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Why Athens should be the first city you visit after lockdown—where to go & what to see in Greece’s ancient capital

When I told friends I was heading to Athens, reactions ranged from "isn’t it really dangerous?" and "I’ve heard it’s a bit grimy" to "is there enough to do?" 

ancient temple with olives trees in acropolis athens
Acropolis of Athens

I always find reactions like these surprising, if you love to travel, see new sights, ways of life and to immerse yourself in a new culture, there’s enough to do in any city, right? I even came across one blog post that said one day is enough to ‘do’ Athens - thats crazy...

For a capital city, that’s filled with the most incredible architecture, history, ancient temples, galleries and the best restaurants, how can one day ever be enough? I stayed in the city for five days but would have been seriously content with a couple of weeks and I already want to go back, the people I met were generous and helpful, the food and cocktails I tried were wonderful and I felt safe and settled as a solo traveller.

Erechteion temple statues in acropolis Athens greece
Erechteion temple

Arriving at Athens airport, it’s easy enough to take a train to the centre of the city as there’s just one line that runs all the way in, tickets cost 10 euros and you can buy them from the ticket office or automated machines. Coming from and going to the airport were actually the only times I used the metro/train system, for the rest of my time in the city I walked everywhere. 

As soon as I arrived in the city I dropped my bag at NEW hotel and headed to Mount Lycabettus in the east of the city to get a sweeping overview of the surroundings. There’s a funicular that takes visitors to the top or if you prefer to walk, you can do that too. I walked up on my first evening to watch the sunset and take a few photographs. There’s also a very beautiful little white chapel at the top, dating back to 1870, plus you can see an elaborate ceremony each evening where two guards lower and remove the Greek flag for the night. It was on my walk to the base of the mountain that I noticed how many orange trees there are in the city, I never knew Athens was filled with pretty orange trees, they looked so beautiful lining almost every street but apparently you can’t eat the oranges as they’re too bitter, they do, however, fill the winding streets with the most amazing citrus scent.

Once the sun sets, some of the cities ornate buildings are lit up, one that’s impressive at night is the Metropolitan Church of Athens and surrounding Mitropoleos Square, it was deserted most nights when I walked past and in the light of a full moon, is looked beautiful. 

Metropolitan Church of Athens at night
Metropolitan Church of Athens in Mitropoleos Square

On my second day in the city I walked to The Panathenaic Stadium, the only stadium in the world made entirely from marble. It was here that Greece hosted the 2004 Olympics as well as the opening and closing ceremonies for the very first modern Olympics back in 1896. At first I reached the outer edge, ringed by pine trees and found locals running on a chilly Sunday morning - you don’t have to pay for the track that runs just outside the stadium so it’s a good way of seeing the area if you’re on a budget. I headed to the entrance and spent a couple of hours inside, walking and taking photographs, there’s also a small exhibit showing Olympic posters from all over the world.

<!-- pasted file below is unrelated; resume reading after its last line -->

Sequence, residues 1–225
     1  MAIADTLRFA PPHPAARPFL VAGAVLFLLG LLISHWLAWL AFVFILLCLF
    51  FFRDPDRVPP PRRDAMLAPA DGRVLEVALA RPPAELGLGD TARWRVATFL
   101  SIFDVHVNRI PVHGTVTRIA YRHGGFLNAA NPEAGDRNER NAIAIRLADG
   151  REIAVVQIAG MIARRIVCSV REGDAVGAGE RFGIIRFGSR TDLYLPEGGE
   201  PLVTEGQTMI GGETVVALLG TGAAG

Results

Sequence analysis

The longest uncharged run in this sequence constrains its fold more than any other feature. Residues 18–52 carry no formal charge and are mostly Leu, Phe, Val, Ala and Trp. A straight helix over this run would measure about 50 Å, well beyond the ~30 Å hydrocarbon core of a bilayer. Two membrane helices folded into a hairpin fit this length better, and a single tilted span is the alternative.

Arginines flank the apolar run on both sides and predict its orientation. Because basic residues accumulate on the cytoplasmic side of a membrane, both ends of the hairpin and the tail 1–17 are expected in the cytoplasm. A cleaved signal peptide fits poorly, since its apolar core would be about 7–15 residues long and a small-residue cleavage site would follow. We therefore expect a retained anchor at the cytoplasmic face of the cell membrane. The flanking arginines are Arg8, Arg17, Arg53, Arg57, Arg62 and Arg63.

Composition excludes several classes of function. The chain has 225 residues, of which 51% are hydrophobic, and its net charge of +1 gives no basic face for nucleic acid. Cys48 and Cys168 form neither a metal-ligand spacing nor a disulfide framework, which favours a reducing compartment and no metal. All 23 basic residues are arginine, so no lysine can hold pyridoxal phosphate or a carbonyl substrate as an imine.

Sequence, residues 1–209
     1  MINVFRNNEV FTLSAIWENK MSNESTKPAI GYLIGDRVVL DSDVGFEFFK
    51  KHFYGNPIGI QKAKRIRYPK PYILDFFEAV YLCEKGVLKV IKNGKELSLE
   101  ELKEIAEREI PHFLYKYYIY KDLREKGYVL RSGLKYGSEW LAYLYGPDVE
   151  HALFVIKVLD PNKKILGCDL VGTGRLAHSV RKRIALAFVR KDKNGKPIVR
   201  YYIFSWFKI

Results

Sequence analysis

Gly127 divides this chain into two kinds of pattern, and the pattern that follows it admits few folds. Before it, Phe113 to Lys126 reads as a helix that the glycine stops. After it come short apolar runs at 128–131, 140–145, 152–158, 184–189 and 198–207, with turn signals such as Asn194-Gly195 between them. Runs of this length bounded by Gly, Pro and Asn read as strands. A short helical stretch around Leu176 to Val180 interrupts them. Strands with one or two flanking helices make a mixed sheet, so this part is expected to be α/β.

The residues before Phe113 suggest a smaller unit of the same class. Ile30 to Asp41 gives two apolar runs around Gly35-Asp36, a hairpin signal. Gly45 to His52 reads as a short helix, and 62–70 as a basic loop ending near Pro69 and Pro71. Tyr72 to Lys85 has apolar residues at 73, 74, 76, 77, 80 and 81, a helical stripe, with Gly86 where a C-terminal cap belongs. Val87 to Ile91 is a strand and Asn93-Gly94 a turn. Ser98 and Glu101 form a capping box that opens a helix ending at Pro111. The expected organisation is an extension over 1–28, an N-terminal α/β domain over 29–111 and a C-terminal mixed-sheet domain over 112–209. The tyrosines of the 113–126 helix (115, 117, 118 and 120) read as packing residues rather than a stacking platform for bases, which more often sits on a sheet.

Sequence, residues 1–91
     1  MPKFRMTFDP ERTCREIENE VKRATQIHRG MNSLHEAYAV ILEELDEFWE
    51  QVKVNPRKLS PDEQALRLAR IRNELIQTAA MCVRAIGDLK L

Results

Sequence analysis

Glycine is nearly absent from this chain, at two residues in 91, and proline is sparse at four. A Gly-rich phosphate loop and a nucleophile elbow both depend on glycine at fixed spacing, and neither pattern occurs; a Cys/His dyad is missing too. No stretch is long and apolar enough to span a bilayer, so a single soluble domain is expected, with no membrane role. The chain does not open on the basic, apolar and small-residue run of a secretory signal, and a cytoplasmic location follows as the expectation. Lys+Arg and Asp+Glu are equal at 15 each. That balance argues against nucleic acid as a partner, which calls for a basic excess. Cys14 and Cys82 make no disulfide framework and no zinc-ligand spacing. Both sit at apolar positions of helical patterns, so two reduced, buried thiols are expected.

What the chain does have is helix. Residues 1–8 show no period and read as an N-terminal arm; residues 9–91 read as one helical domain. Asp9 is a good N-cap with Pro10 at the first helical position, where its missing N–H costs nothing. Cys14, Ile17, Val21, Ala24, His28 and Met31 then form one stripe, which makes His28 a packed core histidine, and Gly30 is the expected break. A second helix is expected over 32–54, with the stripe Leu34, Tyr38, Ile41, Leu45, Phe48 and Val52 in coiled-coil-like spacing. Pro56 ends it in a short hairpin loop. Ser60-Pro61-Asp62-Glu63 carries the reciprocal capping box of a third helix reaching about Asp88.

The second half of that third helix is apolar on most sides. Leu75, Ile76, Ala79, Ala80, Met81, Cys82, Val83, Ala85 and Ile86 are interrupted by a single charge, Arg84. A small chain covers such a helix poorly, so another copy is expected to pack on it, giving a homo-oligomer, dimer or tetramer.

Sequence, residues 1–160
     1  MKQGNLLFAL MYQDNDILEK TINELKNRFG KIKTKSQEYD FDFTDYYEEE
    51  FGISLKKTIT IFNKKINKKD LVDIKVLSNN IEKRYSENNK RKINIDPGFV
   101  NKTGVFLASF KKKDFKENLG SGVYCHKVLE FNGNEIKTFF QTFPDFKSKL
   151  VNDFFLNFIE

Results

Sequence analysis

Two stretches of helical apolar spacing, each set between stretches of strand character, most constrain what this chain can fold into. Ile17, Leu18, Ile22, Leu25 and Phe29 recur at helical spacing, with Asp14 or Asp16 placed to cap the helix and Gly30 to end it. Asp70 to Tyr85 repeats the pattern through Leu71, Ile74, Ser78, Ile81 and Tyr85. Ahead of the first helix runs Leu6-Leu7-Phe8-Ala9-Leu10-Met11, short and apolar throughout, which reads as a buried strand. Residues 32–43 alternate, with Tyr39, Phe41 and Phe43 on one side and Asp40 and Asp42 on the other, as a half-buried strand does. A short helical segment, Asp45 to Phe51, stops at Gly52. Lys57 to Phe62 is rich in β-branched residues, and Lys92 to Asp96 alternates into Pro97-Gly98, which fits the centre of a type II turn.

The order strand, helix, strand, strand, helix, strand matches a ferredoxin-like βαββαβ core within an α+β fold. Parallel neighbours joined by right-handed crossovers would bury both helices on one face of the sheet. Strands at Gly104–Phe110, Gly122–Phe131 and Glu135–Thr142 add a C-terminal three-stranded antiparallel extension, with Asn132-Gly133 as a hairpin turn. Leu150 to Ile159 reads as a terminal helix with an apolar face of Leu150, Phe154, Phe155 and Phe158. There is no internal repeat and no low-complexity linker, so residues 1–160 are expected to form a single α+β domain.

The Panathenaic Stadium athens
The Panathenaic Stadium

Later, I found my way through the narrow lanes of Plaka  and up to the world famous Acropolis. I bought my 10-euro single entry ticket online a few days before arriving in Greece and this allowed me to walk straight through the gates. But there were hardly any queues when I visited during the month of March so it would have been easy for me to buy one on the day too. There are so many amazing temples and monuments to see so dedicate as much time as you have to see it all, I had an entry time of 2pm and easily spent most of the afternoon walking alongside the Parthenon and generally mooching around inside the grounds. 

the Parthenon athens greece
The Parthenon

My favourite parts were Odeon of Hero des Atticus, a pretty stone Roman theatre and the female forms on the outside of the Erechteion temple. The areas throughout the Acropolis are well signposted and there’s lots of information in English as well as Greek. Running round the Acropolis is a pedestrianised area where you can also see other monuments such as the Library of Hadrian and the Temple of Hephaestus, so it’s definitely worth returning if you have time for a leisurely stroll.

Odeon of Hero des Atticus from above
Odeon of Hero des Atticus

To learn a little more about Greek Culture and to see some fascinating exhibitions I'd recommend the Benaki Museum on Koumbari St where you can easily spend half a day. As well as the building being beautiful to look at, there are four floors filled with fabulous ancient ceramics, sculpture and even costumes. The first floor was my favourite for the bold jewellery, embroidery and stunning bridal costumes. 

costumes on models in the Benaki Museum, athens
Costumes inside the Benaki Museum

Other museums worth checking out are The Museum of Cycladic Art, The Acropolis Museum and the National Museum of Contemporary Art. 

That was pretty much all the sightseeing I had time for in-between stopping off for lunches and dinners at cute Greek restaurants and street food stands - there’s still plenty more to see, so for anyone who thinks one day in Athens is sufficient, I'd say, "you're crazy" - I'm already excited for my second trip.

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